P Segal Wants To Create An Artists' Housing Boom

P Segal Wants To Create An Artists' Housing BoomPhoto: Jennie Butler/Hoodline
Jennie Butler
Published on April 23, 2015

If you’ve lived in San Francisco for a while, chances are you know about P Segal. She’s been here forever (born and raised), and she used to hang with the Cacophany Society, a local anarchist group who organized big parties and public pranks (Cacophoners were the first to dress up like salmon at Bay to Breakers). The group invented Burning Man in Segal’s living room, and she was the festival’s first hostess.

But in the last few years, Segal has begun to feel differently about the city, and particularly the Western Addition where she has lived for more than two decades.

“I looked around and saw people buying designer cocktails and $4 toast, and I said, ‘I don’t belong here anymore. This is not my city anymore.’”

Everyone she knew had been priced out of their home—herself included (Segal has relocated twice because of owner move-ins). And she sensed that everyone forgot the social fabric that artists bring to a community. “If the city has a reputation of being a creative place, it’s the writers, artists, cultural visionaries, and musicians who made it so,” Segal wrote in her blog.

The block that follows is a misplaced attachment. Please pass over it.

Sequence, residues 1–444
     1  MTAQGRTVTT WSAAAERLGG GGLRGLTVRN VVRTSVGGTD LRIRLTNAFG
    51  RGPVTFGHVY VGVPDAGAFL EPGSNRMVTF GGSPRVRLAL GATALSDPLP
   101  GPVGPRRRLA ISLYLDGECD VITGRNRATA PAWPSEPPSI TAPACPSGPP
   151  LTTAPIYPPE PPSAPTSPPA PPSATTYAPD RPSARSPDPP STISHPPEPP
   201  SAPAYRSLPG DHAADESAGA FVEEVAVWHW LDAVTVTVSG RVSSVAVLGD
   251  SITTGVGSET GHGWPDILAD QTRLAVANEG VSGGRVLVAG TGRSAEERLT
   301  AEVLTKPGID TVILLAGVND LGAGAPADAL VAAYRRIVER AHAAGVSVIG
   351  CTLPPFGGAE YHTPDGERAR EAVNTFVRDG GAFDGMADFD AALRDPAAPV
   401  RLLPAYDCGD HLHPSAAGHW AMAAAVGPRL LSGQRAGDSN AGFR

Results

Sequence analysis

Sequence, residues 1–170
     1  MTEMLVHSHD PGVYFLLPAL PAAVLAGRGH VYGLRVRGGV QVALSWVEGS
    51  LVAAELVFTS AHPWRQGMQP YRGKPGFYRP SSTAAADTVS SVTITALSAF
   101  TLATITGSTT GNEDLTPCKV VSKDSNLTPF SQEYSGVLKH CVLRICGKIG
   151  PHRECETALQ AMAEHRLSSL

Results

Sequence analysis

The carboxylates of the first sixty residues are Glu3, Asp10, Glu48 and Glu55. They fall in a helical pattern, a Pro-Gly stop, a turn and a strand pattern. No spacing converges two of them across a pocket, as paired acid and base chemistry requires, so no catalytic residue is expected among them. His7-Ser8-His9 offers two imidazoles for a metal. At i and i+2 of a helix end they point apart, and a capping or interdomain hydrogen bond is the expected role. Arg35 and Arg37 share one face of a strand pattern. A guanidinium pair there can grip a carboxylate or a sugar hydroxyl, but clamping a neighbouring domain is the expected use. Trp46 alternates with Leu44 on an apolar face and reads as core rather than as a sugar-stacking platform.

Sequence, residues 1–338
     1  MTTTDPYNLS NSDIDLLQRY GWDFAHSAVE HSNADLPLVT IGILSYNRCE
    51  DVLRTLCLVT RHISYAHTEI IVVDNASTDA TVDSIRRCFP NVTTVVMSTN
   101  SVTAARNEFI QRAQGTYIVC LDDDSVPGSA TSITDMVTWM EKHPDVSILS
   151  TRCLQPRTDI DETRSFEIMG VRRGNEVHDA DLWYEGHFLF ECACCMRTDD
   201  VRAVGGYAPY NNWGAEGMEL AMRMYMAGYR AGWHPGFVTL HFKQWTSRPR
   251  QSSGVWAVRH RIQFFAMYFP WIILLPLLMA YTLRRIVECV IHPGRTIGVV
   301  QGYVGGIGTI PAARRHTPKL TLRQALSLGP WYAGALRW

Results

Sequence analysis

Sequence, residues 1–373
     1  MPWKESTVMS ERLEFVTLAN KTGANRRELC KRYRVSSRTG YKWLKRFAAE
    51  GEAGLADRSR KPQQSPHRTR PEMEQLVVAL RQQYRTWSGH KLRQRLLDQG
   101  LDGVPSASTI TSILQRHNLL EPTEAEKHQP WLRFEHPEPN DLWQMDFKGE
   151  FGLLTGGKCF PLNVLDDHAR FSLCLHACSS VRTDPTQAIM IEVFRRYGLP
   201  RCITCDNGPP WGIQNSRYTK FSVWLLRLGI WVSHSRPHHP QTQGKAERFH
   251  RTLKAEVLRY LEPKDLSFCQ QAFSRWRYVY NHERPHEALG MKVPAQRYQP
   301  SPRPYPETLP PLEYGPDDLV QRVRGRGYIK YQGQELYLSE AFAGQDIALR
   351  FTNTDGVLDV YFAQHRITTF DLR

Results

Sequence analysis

So she came up with a plan: to transform all of the city’s vacant but habitable properties (there are about 18,000, according to SPUR) into live/work spaces for artists. Segal hopes to do this by convincing real estate investors to buy up properties and hand them over to her nonprofit, which would, in turn, rent the units to creative professionals.

She calls this Bohemia Redux. It’s a win for everyone: artists live affordably, space doesn’t go unused and property owners get the same tax write-offs they would from an empty building.

P at the first Burning Man (courtesy P Segal)

To celebrate Bohemia Redux’s launch, Segal is hosting a fundraising party tonight, with all proceeds to benefit her cause. Tickets start at $25, and $100 "Patron of the Arts" tickets will get you access to the special "Art Surprise."

"When you enter the manor you will see a pile of wrapped pieces of art. You can examine the packages and decide which one has your name on it, but you can’t look inside. At 9pm, guests with Patron of the Arts tickets can take whichever package they want. People are encouraged to unwrap them immediately, and then check among your fellow patrons for potential swaps—until everyone leaves with something they love."

The event will take place at the "Love Manor" at 451 Burnett St., under Sutro Tower, from 7pm-11pm tonight.

“This is a city where people start things, which is why I started a non-profit,” Segal said. “Bohemia Redux stands the chance to bring back to this city the most wonderful part of it that has been lost.”